Alum Hardener formulas for use BEFORE developing on soft emulsions?

Discussion in 'B&W: Film, Paper, Chemistry' started by chakra, Oct 20, 2011.

  1. chakra

    chakra Member

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    Hi,
    Are there any film hardener formulas based on non volatile not very toxic reagents (alums, aluminium chloride etc) that can be used BEFORE the developing step to harden films with softer emulsions (Efke etc).

    The film developing cookbook gives a glutaraldehyde formula but I would like to avoid aldehydes in a home darkroom if possible.

    I would like to put the hardening step at the very beginning, if possible, but I can't find any potassium or chrome alum based formulas for the purpose.

    Thanks,
    Santanu
     
    Last edited by a moderator: Oct 20, 2011
  2. Ian Grant

    Ian Grant Subscriber

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    You could convert your developewr to a tropical developer by adding Sodium Sulphate, alternately use a hardening stop bath which is Chrome alum solution.

    I use EFKE films with no hardener and no issues, using a Pyro heveloper helps as it tans and hardens the film during development. Before EFKE imroved their emulsion hardening I used to add a few drops of Formaldehyde to the developer to aid hardening & reduce swelling (that was back in the 1970's).

    Ian
     
  3. Rick A

    Rick A Subscriber

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    My choice as well, Pyrocat-HD tans the emulsion and makes it even more resistant to damage than it already is.
     
  4. Роберт

    Роберт Member

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    With a reel development even Efke films are not a real problem. Formalin 37% works OK in an Alkaline environment. So adding a very small volume to the developer works very well. Often Rodinal is used for Efke films and this contains Sodium Hydroxide in a high level.

    Greetz,

    Роберт
     
  5. Vaughn

    Vaughn Subscriber

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    I believe the alum hardeners are fairly slow acting, thus may not be what you are looking for.
     
  6. Ian Grant

    Ian Grant Subscriber

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    They also need acidic conditions to work and that's not a great idea before a developer.

    Ian
     
  7. chakra

    chakra Member

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    @Ian - Thanks for the detailed response describing your experience with the film. Did you see any evidence of fog with the formaldehyde you added. I may give this a shot with glutaraldehyde. The cookbook mentions that you can add glutaraldehyde to the developer itself but I was worried it might fog the film.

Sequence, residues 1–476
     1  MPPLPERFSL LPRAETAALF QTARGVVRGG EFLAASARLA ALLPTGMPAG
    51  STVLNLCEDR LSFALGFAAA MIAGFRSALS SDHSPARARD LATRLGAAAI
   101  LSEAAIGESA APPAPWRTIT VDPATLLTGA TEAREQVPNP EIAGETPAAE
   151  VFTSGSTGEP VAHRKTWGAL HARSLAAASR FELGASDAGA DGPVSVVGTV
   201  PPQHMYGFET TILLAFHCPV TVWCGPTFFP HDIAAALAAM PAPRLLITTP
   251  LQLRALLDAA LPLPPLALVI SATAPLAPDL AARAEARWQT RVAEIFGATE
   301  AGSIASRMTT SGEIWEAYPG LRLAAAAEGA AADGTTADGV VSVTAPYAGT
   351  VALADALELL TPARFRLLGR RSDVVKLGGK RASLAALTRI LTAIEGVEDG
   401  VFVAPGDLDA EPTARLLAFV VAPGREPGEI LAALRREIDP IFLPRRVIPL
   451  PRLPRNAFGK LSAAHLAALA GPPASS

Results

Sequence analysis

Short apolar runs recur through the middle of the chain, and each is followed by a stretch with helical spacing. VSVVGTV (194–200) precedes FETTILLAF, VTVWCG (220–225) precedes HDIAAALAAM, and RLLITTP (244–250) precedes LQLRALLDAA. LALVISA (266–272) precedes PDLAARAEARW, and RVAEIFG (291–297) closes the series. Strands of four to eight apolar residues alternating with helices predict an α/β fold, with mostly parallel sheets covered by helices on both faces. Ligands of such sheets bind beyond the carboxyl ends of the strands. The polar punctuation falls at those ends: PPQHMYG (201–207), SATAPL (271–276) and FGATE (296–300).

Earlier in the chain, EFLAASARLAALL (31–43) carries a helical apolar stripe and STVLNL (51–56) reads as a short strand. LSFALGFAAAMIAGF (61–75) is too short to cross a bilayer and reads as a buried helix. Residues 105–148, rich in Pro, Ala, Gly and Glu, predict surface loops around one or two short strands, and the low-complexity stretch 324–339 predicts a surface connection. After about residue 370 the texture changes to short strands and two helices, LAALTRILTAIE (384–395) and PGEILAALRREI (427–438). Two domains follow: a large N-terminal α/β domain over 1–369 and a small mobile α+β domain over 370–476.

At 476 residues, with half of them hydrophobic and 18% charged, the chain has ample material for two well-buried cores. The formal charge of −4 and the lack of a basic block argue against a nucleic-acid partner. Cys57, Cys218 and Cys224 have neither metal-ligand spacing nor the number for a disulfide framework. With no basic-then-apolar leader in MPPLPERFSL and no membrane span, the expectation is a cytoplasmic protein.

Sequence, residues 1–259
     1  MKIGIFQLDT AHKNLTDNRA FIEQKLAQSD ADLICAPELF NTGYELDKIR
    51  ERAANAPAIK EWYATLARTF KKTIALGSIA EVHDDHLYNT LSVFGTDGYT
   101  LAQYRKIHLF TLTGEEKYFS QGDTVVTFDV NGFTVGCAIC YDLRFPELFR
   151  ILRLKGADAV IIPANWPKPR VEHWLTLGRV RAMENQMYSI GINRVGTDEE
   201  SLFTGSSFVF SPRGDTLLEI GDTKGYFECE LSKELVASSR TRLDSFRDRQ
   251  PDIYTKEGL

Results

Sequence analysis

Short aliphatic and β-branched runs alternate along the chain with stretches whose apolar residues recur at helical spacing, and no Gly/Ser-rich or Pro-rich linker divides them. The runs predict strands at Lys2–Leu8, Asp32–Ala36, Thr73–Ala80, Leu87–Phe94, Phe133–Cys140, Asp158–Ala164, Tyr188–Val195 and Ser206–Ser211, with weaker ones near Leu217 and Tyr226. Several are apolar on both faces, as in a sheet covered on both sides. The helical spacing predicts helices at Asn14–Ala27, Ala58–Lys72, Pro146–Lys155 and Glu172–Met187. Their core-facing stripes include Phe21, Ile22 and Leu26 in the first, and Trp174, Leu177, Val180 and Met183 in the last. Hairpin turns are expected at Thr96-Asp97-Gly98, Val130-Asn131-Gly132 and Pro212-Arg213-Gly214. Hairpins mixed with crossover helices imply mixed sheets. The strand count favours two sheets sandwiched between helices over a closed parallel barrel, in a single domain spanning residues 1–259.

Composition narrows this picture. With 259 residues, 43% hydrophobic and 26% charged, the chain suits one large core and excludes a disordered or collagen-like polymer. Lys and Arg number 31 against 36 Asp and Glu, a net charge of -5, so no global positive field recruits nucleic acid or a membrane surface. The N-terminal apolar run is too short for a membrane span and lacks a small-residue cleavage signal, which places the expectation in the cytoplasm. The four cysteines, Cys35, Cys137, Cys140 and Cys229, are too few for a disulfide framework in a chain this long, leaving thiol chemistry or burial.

@ Rick and Ian - Yeah ... I've been wondering about Pyro developers for this purpose but I've never used them. I like rodinal with Efke films a lot ... but I should try pyro without stressing about toxicity.

    @Vaughn - How many minutes do you think alum hardeners would need if used as a presoak? I don't know the chemistry but since most fixers are done in less than 10 minutes I imagine a 10 minute presoak would give decent hardening. What I am worried about is the prehardener interfering with the developer.

    Thanks for your responses.
     
  8. chakra

    chakra Member

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    I was worried about the acidic conditions. What if I give a good rinse in water? But the presoak times would be getting up there.
     
  9. Vaughn

    Vaughn Subscriber

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    For Alums, I believe it would be in hours, not minutes, thus not practical for film as a pre-hardener. My experience with potassium alum has been with hardening the gelatin of carbon prints.
     
  10. Роберт

    Роберт Member

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    For making a 0,1% Formaline solution you need 2,7ml 37% Formaldehyde in 1 ltr. water/developer. So for a 500ml roll film tank add 1,35ml.

    Роберт
     
  11. chakra

    chakra Member

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    Why do the alums work post development then in only a few minutes? Or do they not work very efficiently? :unsure:
     
  12. holmburgers

    holmburgers Member

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    For what it's worth, in developing holography plates for Lippmann pictures, it's recommended to use a 10% chrome alum bath for 10 minutes before development.

    SO, with that in mind, I don't see why this wouldn't work ok for you.
     
  13. Rick A

    Rick A Subscriber

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    The only thing I do different from other developers is wear a nitrile glove on my hand that I agitate the tank with as it leaks slightly. I buy liquid Pyrocat-HD from Formulary so no problems with dust. I don't believe there is any difference between glycol and water mix except longevity, if you use enough that isn't a problem.
     
  14. Vaughn

    Vaughn Subscriber

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    That's not my understanding, which is chemically weak, I must admit. My Alum'ed and washed carbon prints are still very soft until dry. One only soaks them in Alum for a several minutes, but they don't fully harden until dry.

    I have only used Efke films in 11x14 -- no special problems with scratches.
     
  15. Ian Grant

    Ian Grant Subscriber

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    Told you that at the start they are in acid fixer solutions.

    Ian